Goldman Sachs has warned of possible instability in the foreign exchange market ahead of Turkey’s elections, after years of draining foreign reserves and taking other costly measures.
While the Wall Street Bank does not assume a baseline scenario, it believes that problems could arise if savers and businesses fear that a shift to more orthodox economic policies under a new government would lead to short-term foreign exchange market turbulence.
“The current market uncertainty poses significant risks in our view,” Goldman said in a research note published Wednesday.
Authorities could offer currency swaps to local banks and try to reassure those who have deposited their money in the devaluation-protected bank accounts introduced in 2021 to stop the lira’s plunge this year, but those measures may not work.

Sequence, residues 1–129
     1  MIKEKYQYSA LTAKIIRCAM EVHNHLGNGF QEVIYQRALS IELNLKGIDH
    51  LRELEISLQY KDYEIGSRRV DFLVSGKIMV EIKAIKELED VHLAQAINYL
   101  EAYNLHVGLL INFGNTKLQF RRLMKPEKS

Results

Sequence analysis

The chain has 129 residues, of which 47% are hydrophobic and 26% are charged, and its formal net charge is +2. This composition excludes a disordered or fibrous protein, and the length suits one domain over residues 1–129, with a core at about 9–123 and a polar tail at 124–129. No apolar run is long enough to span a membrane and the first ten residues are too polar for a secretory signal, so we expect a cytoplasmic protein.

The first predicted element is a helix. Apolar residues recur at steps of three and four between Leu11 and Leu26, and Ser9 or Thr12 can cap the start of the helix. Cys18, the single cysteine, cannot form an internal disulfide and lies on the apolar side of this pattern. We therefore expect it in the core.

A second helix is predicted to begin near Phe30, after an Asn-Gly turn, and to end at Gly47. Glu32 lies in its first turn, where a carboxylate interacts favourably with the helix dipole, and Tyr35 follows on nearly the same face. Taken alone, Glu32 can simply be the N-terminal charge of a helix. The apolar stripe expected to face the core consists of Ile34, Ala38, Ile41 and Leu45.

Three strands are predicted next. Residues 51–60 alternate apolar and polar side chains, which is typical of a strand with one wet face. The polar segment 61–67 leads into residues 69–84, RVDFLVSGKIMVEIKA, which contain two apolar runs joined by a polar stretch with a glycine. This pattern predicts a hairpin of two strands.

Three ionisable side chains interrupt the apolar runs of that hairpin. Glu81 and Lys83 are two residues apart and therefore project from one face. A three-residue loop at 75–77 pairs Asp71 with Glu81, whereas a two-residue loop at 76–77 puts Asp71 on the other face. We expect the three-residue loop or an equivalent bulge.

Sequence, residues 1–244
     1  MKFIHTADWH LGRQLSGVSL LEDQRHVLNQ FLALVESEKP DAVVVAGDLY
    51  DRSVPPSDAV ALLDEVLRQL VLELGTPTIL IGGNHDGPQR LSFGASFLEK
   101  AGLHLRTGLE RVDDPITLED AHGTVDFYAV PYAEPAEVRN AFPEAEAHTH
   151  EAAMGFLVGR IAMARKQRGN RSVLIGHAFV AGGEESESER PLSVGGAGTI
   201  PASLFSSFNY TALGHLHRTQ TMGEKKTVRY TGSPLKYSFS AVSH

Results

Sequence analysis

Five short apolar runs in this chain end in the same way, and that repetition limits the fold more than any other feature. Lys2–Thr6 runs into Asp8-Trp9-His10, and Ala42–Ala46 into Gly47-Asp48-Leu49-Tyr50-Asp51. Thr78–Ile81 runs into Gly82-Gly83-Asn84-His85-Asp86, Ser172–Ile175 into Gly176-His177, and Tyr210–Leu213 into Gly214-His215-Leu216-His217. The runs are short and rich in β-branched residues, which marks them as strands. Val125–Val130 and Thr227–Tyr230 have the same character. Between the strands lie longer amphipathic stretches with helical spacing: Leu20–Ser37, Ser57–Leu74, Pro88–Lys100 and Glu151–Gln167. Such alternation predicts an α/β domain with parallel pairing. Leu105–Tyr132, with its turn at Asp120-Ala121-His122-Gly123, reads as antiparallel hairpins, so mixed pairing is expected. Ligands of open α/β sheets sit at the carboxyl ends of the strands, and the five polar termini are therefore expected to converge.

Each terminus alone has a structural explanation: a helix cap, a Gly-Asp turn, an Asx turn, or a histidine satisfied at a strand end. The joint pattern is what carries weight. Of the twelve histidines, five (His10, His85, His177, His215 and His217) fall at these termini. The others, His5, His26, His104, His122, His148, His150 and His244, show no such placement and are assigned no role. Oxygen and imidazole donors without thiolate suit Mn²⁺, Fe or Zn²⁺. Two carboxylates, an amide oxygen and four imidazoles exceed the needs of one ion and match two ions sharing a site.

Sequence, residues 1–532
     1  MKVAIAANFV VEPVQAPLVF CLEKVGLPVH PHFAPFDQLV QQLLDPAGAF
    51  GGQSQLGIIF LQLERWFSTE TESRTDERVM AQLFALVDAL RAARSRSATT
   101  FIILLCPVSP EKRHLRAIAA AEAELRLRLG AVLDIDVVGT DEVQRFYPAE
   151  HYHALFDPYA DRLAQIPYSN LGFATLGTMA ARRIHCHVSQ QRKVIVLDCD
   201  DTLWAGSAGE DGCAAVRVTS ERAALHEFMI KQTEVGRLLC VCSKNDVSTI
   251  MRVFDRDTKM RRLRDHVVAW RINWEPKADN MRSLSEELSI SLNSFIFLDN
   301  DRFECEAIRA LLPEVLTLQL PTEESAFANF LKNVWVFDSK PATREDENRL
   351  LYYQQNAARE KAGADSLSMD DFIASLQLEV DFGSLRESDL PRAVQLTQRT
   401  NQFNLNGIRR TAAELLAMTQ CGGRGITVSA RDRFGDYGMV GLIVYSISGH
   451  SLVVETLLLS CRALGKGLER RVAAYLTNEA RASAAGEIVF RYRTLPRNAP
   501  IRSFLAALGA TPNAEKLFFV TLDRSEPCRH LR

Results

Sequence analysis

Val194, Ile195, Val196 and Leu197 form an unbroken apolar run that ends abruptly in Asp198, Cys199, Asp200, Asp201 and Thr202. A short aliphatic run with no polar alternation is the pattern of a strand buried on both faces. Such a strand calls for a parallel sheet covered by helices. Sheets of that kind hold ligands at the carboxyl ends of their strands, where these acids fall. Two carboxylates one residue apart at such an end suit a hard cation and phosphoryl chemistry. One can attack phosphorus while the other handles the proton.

“Given the short-term nature of the instruments, time is unlikely to be on the authorities’ side,” Goldman’s analysts said. “Hence, we believe there will need to be interim solutions”.
If the problems were to prevail, the lira would fall, especially since Turkey’s currency reserves have shrunk sharply in recent years.
Goldman estimates that after last month’s devastating earthquake, Turkey’s reserves now stand at just $42 billion, if illiquid assets such as gold, bilateral swap lines, and IMF special drawing rights are removed from the equation.
This compares with a combined foreign exchange short position – or exposure – of the central bank and the Treasury of $260 billion. This has increased by $206 billion since mid-2018, mainly due to currency-hedged deposits and swaps with domestic banks.
“There are significant liquidity risks if these two markets get out of balance,” Goldman said, but added that a return to more orthodox economic policies would likely be beneficial for Turkey in the long run.